The contestant who won the backstage draw (not shown, but always alluded to) then goes first and chooses one of the items from the grid. Bob makes a quip and either a green tick (if correct) or a red wipeout cross (if incorrect) appears. If correct, the contestant gets £501 in the bank and the chance to guess again or pass to the next player. If a wipeout is selected, the contestant loses all the money in his or her bank and play passes to the next contestant.

The round ends once either all the correct answers or all the wipeouts have been selected. At the end of three rounds of the above, the player with the least money in the bank is sent home (in the case of a tie, the contestant who had the least number of correct answers is selected) and the game goes into the head to head round. Money in the bank is now safe and cannot be lost.

The Head to Head Round
The two remaining contestants are presented with a similar grid to the above but with only 12 options, 8 correct and 4 incorrect. They then take it in turns (with the player with the most money won going first) to bid on the number of correct answers they believe they can name consecutively. The player with the highest bid then starts to name them. If they match their bid without hitting a wipeout, they win that grid. If they make a mistake then play passes to the other contestant and the first contestant to name a correct answer wins that grid. This round is best of three grids and the winner goes on to the end game.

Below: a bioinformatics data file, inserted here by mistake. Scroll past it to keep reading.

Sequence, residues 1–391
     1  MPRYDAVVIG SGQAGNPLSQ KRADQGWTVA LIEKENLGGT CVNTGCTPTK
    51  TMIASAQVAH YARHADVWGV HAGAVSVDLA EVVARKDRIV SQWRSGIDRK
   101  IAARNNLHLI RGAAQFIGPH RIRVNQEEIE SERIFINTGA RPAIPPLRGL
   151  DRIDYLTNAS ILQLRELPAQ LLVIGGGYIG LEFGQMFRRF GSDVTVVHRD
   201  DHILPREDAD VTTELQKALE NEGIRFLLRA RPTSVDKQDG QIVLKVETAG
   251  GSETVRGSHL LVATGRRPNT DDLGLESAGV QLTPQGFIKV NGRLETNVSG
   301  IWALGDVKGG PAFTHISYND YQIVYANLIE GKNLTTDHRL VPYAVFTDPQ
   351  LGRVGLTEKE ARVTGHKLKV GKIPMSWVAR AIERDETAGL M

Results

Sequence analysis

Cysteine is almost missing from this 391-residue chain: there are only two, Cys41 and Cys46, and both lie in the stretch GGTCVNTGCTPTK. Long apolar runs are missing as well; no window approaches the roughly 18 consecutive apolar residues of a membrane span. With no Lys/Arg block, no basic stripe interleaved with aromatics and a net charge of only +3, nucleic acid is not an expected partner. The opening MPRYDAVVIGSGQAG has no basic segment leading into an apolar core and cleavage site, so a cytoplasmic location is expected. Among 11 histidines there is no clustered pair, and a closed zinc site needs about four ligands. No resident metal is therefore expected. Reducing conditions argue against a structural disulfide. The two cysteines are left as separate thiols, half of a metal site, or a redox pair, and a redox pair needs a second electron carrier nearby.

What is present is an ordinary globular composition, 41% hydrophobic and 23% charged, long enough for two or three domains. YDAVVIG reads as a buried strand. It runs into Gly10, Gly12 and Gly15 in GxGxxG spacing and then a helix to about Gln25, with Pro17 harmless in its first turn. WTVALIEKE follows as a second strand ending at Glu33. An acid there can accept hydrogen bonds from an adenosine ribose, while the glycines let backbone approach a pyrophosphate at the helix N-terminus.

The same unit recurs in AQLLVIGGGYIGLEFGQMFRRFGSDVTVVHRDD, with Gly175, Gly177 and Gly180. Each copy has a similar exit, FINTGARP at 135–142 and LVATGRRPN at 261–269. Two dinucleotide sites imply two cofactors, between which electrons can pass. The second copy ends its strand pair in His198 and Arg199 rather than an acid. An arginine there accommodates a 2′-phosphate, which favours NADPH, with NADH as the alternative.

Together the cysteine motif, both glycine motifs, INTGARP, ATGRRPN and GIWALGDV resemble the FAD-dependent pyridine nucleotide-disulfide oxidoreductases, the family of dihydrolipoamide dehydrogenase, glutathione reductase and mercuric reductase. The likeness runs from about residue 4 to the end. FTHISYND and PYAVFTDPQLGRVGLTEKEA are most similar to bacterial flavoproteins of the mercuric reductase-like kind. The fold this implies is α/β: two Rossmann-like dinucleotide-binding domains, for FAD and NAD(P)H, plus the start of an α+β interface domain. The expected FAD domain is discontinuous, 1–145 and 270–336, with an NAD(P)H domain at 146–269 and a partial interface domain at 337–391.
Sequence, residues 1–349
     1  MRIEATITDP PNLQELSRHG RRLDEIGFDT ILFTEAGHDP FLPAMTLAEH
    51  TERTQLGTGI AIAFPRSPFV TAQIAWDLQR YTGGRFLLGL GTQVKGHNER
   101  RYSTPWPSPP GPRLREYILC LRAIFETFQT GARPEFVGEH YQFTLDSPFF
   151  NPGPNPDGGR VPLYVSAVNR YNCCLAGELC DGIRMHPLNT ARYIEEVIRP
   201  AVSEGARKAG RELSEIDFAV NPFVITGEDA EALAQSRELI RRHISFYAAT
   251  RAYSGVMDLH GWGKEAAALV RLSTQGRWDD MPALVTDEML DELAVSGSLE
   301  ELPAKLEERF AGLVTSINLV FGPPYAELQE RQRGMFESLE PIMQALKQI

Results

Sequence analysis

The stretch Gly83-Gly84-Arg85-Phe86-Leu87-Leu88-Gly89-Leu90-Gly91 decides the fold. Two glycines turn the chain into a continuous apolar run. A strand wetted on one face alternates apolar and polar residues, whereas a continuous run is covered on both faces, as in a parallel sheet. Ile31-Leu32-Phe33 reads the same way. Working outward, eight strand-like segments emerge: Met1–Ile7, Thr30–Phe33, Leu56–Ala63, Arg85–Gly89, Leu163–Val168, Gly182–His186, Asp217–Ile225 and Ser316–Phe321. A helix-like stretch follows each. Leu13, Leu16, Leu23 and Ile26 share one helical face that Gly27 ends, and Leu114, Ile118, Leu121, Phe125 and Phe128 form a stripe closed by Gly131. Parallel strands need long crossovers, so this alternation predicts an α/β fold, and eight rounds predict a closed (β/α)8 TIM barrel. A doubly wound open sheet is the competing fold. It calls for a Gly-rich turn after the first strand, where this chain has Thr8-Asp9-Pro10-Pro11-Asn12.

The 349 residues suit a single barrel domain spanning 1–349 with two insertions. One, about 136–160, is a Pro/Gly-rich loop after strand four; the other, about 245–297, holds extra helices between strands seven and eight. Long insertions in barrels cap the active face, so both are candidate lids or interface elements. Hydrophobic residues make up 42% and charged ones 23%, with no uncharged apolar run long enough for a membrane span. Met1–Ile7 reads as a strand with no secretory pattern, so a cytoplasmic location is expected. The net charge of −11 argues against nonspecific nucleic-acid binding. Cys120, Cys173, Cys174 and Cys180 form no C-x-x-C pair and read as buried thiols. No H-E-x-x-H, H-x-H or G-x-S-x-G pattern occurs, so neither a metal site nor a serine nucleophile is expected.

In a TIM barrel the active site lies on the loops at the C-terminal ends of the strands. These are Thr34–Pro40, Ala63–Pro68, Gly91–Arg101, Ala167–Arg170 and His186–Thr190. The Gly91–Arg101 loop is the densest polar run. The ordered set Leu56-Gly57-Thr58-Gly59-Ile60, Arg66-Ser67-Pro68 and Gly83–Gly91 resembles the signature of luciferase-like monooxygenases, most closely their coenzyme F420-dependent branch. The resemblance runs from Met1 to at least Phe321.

The End Game
The winning contestant is then confronted with four choices of category (vague, generally consisting of things such as film, music, nature etc...) from which to choose their fate. A grid is then brought up consisting of 12 answers, 6 correct, 6 incorrect. The contestant has 30 seconds to run up to the board, select the correct six answers and run back (about 5 metres) to a big button which tells them how many correct answers they currently have. If they get the correct combination within 30 seconds, they win, if not, they lose.

Each contestant goes away with the amount of money they had in their bank at the end. This can very easily be nothing, if the last answer they gave was a wipeout. The second and third contestants each receive a wipeout paperweight and the second contestant receives something else which I only have a vague recollection of (may be a case of champagne, or a hamper or something). The overall winner receives a holiday which is described as 'to anywhere in the world', but I've never seen anyone pick a destination outside Europe, so I remain unconvinced.

This show heavily relies on it's strong format, and is surprisingly good. The rounds are admittedly only engaging if you have a vague knowledge of the subject (lots of opportunities to laugh at the contestants and shout at the screen), but it is entertaining. On the other hand, Bob Monkhouse is good for comedy (and not in a good way) value only and should be replaced.

1 In the good old Paul Daniels days the money won for correct answers was slightly different. The first correct answer was worth £10, the second £20 all the way up to £110 for the eleventh correct answer.

Zerotime says wipeout: It's much the same in Australia, but it's a kids'
gameshow, with the contestants winning prizes for their school and stuff.

sadly, just my own brain